Kelly's heroes

GRACE Kelly coasts her way graciously and beautifully through High Society (World, 11.00am), but she does so like a woman whose mind is on other things. Perhaps it is not surprising. This was the last film she made before marrying Prince Ranier of Monaco and becoming Princess Grace, so perhaps she was thinking of what colour wallpaper she might like for the palace.

In fact the thing that turns High Society from what should have been a fine film into a merely average one is the fact that all the principals act like a bunch of people who are already so famous that they don't have to try hard to be famous any more.

Frank Sinatra is irritating and overly hip as a reporter sent to cover a big wedding and Bing Crosby is far too old for his role as one of Kelly's three suitors. He looks like a piece of walking beef jerky.

High Society is a flat re-working of The Philadelphia Story with only a few bright moments, most of which are Cole Porter's songs, notably Well, Did You Evah? and Who Wants To Be A Millionaire? the answer to which is ''I do''.

Satchmo (Louis Armstrong) makes a welcome appearance, white handkerchief and all.

IN the world of enigmas, Roman Polanski is the most enigmatic of them all. Unconventional private life aside, his screen career has veered seemingly uncontrollably from the sublime (Chinatown, Tess) to the ridiculous (The Fearless Vampire Killers and most recently Bitter Moon, some of which was shown in Hong Kong recently; the rest of it consisted of grunting and groaning and was perhaps understandably left in the censor's rubbish bin).

Which category Pirates (Pearl, 2.00pm) falls into is a matter of some debate. American critic Leonard Maltin said it has little plot, but is fun anyway. British critic John Walker said Polanski should never be allowed to do comedy and described Pirates as ''revolting when it is not a crashing bore''.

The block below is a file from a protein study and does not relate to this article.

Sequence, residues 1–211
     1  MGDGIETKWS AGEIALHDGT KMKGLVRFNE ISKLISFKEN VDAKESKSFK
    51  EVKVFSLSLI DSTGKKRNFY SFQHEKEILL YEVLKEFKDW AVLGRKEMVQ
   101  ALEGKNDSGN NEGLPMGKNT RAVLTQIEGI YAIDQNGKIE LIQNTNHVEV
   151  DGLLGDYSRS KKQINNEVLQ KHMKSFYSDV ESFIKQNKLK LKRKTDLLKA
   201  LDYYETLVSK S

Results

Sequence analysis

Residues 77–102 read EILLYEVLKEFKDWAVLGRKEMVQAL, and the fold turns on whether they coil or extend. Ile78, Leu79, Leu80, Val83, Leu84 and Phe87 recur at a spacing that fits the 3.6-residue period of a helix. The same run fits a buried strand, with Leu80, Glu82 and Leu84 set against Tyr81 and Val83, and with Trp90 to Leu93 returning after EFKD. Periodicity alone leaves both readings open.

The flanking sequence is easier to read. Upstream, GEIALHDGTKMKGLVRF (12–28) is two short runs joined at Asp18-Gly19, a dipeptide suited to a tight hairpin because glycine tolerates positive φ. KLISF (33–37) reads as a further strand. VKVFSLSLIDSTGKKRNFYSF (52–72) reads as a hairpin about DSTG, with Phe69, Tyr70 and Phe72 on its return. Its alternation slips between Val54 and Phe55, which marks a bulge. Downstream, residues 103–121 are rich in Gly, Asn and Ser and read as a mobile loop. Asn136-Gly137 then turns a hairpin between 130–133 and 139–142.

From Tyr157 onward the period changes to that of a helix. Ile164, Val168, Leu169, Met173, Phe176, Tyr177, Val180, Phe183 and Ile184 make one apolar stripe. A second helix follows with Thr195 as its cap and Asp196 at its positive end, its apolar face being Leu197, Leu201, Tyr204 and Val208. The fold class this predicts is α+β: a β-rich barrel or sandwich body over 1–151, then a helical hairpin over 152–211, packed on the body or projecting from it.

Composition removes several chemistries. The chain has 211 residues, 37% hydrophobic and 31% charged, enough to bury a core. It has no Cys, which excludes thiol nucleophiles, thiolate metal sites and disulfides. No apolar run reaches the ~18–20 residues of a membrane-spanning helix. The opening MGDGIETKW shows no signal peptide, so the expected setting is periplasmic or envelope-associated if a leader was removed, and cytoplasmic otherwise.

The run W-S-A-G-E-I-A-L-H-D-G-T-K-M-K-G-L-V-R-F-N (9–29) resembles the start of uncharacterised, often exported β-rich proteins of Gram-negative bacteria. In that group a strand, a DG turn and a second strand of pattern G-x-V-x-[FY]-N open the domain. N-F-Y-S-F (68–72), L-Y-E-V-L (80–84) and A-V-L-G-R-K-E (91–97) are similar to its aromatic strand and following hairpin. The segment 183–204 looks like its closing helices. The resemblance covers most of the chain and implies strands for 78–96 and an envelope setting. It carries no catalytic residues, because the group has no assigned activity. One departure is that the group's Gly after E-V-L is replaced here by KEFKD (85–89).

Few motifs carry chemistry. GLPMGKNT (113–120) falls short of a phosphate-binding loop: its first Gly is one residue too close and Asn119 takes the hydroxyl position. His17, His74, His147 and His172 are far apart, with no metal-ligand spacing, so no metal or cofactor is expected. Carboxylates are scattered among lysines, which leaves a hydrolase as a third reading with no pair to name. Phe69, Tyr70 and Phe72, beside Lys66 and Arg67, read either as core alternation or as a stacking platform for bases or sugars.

What is in little doubt is that Pirates was sumptuously filmed and will lose much of its impact, if indeed you find it has any, on the small screen.

Rotund British comedian Roy Kinnear has been cast afloat on the high seas and is picked up by a Spanish galleon populated by sailors awash with rats and unsocial diseases. Walter Matthau turns in an entertaining performance and there is a rousing score by Philippe Sarde.

DANNY DeVito shows with The War of the Roses (World, 9.30pm) that he is sometimes a more entertaining director than he is an actor. Little in life is sadder and sillier than the break-up of a long-married couple and this fiendish film shows divorce inall its black tragedy.

It is a rancorous saga and too mean-spirited to be hilariously funny, but what DeVito does manage to convey is what many of us have often suspected - that human beings are often very stupid creatures.

Michael Douglas and Kathleen Turner are the once-happy pair whose marriage dissolves into bickering, silence, acrimony and then full-scale, no-prisoners war.

IN the silly Spontaneous Combustion (Pearl, 12.50am) paranoia takes hold when people begin to spontaneously combust. But then it would. It is difficult to lead a normal kind of life, catching the tram, ambling happily through Park N' Shop, when there is a chance you will turn into a human bunsen burner without warning.